No one is exactly sure how singles day started, but the most popular e-commerce legend is that it emerged from the dorms of Nanjing University in 1993 when four single male students got together to discuss how to make single life more fun. One suggested that because of the ones in the date, November 11 would be a good day on which to organize activities for singles. What started as the tradition of a small group of friends gradually became a tradition for the whole university, and by the early 2000s had spread throughout the country. A kind of anti-valentines day, hard-working young singles could use the day as an excuse to get together and do fun stuff like visit karaoke bars together and eat youtiao – fried dough strips that resemble the number one. All good-hearted, innocent fun.
Then in 2009, Jack Ma decided to populate a lull period in Alibaba’s sales calendar by monetizing singles day; and the rest is now e-commerce history.
Over the next few years, Alibaba, JD, and other Chinese e-commerce players all expanded their one-day discounts, and sales grew exponentially. Singles day has now grown so big, Black Friday and Amazon Prime Day look trivial in comparison. Cyber Monday saw sales reach $3.4 billion in the United States last year, which sounds impressive until you find out that it was less than one-fifth of Alibaba’s sales from Singles Day.
In 2016, retailers on Alibaba’s eCommerce platform took in $17.8 billion in gross sales on singles day. $1 billion worth of orders were placed in the first five minutes of Alibaba’s event.
More items were bought on Alibaba’s platform in that 24 hours than were bought during the entire combined Black Friday and Cyber Monday sales in the United States.
Amazon’s total revenue for 2016 was $136 billion. This means that the 24 hour singles day period of sales on Alibaba would account for more than 10 percent of Amazon’s total annual revenue — and that includes the vast array of Amazon’s ecosystem.
Why Is singles day so big?
Part of the reason is just sheer numbers. Of course, the Chinese market is going too far outstrip the UK or even the U.S. market – by 2022, just the middle class of the Chinese market is expected to reach 550 million people, significantly more than the projected 340 million or so people in all of the United States.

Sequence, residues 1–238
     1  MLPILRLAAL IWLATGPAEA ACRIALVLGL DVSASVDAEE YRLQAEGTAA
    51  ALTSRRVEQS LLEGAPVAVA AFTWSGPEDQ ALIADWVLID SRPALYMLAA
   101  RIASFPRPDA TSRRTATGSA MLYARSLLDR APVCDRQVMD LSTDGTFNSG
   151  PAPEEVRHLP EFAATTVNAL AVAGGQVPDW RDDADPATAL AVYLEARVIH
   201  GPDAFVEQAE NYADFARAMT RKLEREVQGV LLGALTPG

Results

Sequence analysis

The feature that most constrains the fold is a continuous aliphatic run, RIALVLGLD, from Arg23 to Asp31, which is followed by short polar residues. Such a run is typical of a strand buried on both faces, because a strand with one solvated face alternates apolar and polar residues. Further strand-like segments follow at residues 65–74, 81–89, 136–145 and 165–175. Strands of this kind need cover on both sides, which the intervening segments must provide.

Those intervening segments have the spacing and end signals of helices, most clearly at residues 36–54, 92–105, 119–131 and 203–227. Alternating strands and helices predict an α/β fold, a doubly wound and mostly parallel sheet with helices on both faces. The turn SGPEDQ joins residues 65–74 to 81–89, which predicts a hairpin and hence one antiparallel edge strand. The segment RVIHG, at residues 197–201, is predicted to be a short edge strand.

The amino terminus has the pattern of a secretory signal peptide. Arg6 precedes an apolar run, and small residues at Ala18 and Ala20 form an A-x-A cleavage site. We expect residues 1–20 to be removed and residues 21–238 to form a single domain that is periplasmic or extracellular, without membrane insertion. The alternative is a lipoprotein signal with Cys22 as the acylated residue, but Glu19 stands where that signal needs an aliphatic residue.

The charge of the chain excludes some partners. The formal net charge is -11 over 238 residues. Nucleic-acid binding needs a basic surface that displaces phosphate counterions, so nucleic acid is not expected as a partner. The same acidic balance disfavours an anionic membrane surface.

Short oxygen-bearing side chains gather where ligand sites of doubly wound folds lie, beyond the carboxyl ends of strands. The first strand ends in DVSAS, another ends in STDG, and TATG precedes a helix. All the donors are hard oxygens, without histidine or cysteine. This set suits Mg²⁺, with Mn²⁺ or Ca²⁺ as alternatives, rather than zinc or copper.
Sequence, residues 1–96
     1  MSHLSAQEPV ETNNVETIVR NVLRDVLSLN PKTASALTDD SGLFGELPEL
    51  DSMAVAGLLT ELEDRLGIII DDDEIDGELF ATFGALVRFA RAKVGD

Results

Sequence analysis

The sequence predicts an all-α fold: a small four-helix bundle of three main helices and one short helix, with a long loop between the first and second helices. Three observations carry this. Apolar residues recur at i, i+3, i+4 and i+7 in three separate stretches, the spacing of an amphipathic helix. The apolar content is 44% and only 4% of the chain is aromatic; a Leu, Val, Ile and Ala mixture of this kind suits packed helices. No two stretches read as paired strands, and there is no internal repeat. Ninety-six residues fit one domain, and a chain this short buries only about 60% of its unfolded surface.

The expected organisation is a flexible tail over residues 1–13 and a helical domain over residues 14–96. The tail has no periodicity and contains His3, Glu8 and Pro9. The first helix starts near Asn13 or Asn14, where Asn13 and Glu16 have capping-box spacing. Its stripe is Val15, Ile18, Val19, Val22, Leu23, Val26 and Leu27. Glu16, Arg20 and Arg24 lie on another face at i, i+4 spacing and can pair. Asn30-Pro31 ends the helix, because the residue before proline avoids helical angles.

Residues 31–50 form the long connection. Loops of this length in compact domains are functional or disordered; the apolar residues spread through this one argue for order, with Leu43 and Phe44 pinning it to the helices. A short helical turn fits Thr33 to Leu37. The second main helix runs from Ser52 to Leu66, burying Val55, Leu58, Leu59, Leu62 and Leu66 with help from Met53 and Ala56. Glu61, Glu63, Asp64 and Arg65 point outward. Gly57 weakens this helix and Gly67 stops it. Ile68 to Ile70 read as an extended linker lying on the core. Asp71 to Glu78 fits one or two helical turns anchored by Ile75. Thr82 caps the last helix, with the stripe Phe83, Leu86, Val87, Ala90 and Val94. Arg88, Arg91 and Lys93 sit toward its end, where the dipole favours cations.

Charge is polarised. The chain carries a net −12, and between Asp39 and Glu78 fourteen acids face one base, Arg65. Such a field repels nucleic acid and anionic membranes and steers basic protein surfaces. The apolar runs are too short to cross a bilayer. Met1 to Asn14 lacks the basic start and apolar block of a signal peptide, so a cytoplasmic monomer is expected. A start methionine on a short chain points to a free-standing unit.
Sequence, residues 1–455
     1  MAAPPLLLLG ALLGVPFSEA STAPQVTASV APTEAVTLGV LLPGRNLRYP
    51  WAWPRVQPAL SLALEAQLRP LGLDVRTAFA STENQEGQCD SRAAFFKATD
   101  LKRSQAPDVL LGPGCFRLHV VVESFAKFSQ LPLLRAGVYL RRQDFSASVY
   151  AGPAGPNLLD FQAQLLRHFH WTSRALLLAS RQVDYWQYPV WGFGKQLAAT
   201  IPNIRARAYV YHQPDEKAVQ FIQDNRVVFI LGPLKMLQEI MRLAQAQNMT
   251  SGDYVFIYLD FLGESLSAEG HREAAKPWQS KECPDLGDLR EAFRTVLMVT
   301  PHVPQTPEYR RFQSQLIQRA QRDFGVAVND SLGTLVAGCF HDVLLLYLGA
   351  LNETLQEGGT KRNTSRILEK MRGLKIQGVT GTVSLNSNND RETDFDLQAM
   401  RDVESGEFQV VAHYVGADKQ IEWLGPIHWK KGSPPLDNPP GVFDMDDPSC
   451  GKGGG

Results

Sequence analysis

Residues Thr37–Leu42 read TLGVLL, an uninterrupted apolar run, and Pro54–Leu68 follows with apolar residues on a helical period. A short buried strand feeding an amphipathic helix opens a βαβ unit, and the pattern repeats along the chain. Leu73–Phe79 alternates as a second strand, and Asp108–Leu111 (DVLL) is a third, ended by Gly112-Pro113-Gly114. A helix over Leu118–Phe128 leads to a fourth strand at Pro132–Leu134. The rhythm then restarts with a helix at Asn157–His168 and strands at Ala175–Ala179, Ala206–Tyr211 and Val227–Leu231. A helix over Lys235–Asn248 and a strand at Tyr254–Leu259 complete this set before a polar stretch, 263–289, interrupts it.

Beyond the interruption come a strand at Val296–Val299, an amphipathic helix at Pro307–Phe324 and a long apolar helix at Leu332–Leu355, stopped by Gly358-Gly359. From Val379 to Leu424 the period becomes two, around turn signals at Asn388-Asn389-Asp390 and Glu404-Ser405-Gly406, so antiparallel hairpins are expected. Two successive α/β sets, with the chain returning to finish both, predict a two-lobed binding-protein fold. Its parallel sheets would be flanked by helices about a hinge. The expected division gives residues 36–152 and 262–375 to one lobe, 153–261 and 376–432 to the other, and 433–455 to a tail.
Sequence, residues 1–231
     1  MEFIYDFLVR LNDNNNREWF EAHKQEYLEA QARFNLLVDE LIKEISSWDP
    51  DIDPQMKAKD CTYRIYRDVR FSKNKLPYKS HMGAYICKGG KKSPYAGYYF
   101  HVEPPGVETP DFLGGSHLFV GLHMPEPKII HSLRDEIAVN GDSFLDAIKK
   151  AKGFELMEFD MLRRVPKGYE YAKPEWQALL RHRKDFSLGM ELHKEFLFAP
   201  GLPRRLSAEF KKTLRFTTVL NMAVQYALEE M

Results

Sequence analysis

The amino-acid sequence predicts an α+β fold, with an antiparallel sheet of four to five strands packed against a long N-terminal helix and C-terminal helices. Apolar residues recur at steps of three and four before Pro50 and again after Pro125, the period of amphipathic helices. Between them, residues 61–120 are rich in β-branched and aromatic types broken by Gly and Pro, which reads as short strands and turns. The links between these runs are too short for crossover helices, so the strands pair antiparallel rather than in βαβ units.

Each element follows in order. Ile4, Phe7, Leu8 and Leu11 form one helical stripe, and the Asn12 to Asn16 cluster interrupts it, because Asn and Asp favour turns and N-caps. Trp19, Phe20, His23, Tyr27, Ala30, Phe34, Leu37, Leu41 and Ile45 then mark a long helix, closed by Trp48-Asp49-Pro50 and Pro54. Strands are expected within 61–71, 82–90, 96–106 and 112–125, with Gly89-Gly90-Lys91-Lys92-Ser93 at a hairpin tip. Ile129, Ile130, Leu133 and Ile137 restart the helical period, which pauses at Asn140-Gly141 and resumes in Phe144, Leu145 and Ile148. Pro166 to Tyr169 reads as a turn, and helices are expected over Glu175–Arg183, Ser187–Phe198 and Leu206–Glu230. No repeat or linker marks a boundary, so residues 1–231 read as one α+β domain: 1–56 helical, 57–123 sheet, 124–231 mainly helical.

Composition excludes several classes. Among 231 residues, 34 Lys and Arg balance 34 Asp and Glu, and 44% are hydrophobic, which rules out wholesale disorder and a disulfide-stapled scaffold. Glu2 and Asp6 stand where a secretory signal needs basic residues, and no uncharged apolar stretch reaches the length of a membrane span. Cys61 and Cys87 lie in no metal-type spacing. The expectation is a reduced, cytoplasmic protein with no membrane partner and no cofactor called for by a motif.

Another reason is the diversity of Singles day in terms of products sold. Last year’s singles day broke eight product-sale world records; these included selling 10.1m litres of milk, 3.1m mobile handsets, 1.1m watches, and 643,964 televisions.
It has been suggested by some industry experts that singles day being a celebration day and not just a shopping holiday may also be an encouraging factor some customers.
How has Singles Day affected retailers outside of China?
Last year, Topshop saw its sales surge by over 900% compared to Singles Day in 2014. “These results clearly indicate how impactful this online calendar moment has become, and as a key focus market for the brand we see 11.11 as a great way to raise brand awareness and conversion in China,” says a Topshop spokesperson.
Quintessentially British greengrocer Waitrose has already expanded its product offering from 30 items to more than 50 on Tmall, and its first Singles Day this year will doubtless provide more valuable insight into what tickles the fancy of Chinese consumers.
Singles day outside China 2017
Singles Day gets more attention outside of China every year, and this should be no huge surprise. The U.K.’s own adoption of Black Friday is proof that one country’s shopping holidays can be exported to other countries. Adopting singles day would allow retailers outside of China to add a few more weeks to their holiday shopping season, helping to smooth some of their sales peaks, hire fewer people for a longer time, have some wiggle room to respond to unexpected spikes in demand or supply chain disasters, and still keep Black Friday as a lower-pressure, enjoyable shopping day – and as a result, make more of those all-important sales at a better margin to begin with.